Physics: Test day. I caught up on all my outstanding grading last night, so I’m using this time to plan labs and write this. Students are giving me much more thorough answers than when they use their own paper. I’ll talk to them tomorrow about how this format felt compared to the other. Unfortunately, not many students actually finished in just the 45 minutes, so I need to cut some questions out if they are going to answer more fully in this format.
Honors Physics: (written before class) I have stacks and stacks of papers to hand back to honors, and we are going to have some loooooong conversations about how to make an argument, how to use data to support an argument, and how to use good habits when labeling forces. I don’t have enough time to have all the conversations I want, which will probably end up meaning that I have to have them within the practice of applications of newton’s laws and then momentum. We shall see how I can fit it in.
(written after class) Ran out of time. Gah, 45 minutes is such a short amount of time if I want to answer questions AND teach new material. Something is going to give, and I think it’s going to be content coverage, since I really don’t care at all about hitting every topic, but I do want to have rich discussions and answer their questions and respond to their learning needs. Research paper after research paper supports depth over breadth, but when I brought this up to Charlie his response was how do you choose which topics to leave out? Aye, that’s the rub. All the topics are SO NEAT, it’s hard to pick which ones to leave out. That’s why I also think going at it from a theme perspective rather than a topic perspective can be super useful. I’ll think it through, talk to the higher-ups, and see just how willing they are for me to experiment with weird things that may end up with complaints about “not teaching real physics”.
AP Physics: Continued goal-less problems and applications of Newton’s Laws. I think I need to move on to more challenging things. Honors needs more practice with applications, but I think AP is getting restless. I think I’ll jump ahead a bit and do some AP Practice so they can see how much they already know and can do with just what we’ve learned, but how much there is still left to learn. After the models we’ve done, I can only imagine projectile motion being absurdly easy. I hope it works out like that, because it’s ruining the life of my regular physics students.
For the second class, I gave them the first question from the 2017 AP C Mechanics and had them go for it. Even though I told them they could work together, they all started out working independently. After fifteen minutes I stopped them and told them that was the amount of time they would have on the AP test itself to complete this question, so see how far they got, and then group up and discuss what you did. A few minutes later I handed each group a copy of the scoring guides as well. Discussion became significantly more rich and interesting and heated almost instantly. One group ran into a problem and worked out the models themselves for a comparison, but had made an algebra mistake. Once we talked through the algebra and she found the mistake, she literally ran back to her group waving her paper in the air and shouting, “I know how to do it! I know how to do it!”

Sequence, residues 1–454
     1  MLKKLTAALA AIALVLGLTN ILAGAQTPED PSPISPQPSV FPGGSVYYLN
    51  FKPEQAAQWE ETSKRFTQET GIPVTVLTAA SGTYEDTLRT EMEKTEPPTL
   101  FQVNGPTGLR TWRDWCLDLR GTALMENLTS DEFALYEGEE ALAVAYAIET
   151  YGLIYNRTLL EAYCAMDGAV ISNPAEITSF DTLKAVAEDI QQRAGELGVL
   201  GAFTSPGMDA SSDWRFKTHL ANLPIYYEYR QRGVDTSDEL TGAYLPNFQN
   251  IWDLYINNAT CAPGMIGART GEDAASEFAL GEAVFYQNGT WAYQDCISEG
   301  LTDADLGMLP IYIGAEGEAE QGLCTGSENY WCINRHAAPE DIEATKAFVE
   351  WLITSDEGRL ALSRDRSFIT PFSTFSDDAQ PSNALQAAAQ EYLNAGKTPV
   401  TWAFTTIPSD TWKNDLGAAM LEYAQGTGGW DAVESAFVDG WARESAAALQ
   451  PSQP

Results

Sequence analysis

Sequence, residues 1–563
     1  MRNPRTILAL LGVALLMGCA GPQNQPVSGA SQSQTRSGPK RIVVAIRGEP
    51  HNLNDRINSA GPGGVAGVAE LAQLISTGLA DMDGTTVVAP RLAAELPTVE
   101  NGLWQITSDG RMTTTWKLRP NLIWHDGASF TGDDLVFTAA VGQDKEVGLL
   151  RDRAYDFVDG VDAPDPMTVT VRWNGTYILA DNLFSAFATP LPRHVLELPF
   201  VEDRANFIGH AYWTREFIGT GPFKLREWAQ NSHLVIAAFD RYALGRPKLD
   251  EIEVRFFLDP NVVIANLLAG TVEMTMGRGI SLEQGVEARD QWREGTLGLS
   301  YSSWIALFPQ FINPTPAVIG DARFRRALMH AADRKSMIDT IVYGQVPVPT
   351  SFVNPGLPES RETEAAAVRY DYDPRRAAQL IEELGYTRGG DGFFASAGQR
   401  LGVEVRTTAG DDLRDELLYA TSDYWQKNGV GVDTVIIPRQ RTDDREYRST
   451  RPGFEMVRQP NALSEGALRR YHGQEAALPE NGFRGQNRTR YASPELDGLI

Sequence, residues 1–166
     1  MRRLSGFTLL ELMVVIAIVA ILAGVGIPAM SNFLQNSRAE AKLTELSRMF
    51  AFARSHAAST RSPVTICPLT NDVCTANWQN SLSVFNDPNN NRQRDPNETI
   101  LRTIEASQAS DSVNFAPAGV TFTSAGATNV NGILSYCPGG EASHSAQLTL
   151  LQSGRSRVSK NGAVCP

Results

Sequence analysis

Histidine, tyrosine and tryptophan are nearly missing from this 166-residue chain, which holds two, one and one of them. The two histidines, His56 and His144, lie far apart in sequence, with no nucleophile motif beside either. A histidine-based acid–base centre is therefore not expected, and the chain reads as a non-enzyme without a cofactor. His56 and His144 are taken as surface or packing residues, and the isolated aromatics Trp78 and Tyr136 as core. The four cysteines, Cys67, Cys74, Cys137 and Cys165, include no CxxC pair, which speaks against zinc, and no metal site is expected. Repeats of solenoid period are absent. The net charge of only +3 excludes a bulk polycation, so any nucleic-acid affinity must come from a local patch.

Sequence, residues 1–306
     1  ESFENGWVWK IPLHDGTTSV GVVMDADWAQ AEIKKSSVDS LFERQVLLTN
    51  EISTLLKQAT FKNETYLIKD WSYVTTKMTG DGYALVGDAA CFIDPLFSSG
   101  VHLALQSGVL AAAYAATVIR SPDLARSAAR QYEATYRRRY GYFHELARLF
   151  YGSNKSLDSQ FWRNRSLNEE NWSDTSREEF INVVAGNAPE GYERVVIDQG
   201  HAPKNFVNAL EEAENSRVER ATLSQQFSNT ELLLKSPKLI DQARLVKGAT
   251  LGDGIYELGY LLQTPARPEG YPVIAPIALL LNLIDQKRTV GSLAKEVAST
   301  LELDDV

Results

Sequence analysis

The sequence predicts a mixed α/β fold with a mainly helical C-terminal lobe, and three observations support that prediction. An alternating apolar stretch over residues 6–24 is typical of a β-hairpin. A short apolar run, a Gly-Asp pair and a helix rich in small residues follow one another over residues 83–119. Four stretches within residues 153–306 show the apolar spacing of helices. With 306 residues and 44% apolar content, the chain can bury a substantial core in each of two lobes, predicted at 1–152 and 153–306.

I met with another student to go over a homework question that had given her some problems, and she also expressed concern that I’m not teaching the class to a challenging enough level. I assured her that we’re in week 3 and have plenty of time to do very challenging things, but building this foundation of understanding how to put models together with two relatively simple ones will help when we get to more complex models of energy and momentum that can also require using the knowledge of forces and kinematics to fully answer. I don’t follow the philosophy of starting brutally hard and making everyone’s life miserable in the name of ‘rigor’ when you can have the same learning outcomes with gentler methods. I do plan to challenge them more and more over time and ask more complex analysis from them, but it’s week 3. Honestly, complaining that my class is too easy makes me feel pretty good about how I’m approaching the process. I’m not going to ignore these rumblings, and I’m so happy that students are willing to check in and chat with me. I think tomorrow after the quiz and before the lab we should talk this out as a class so they know I’m aware and on top of things.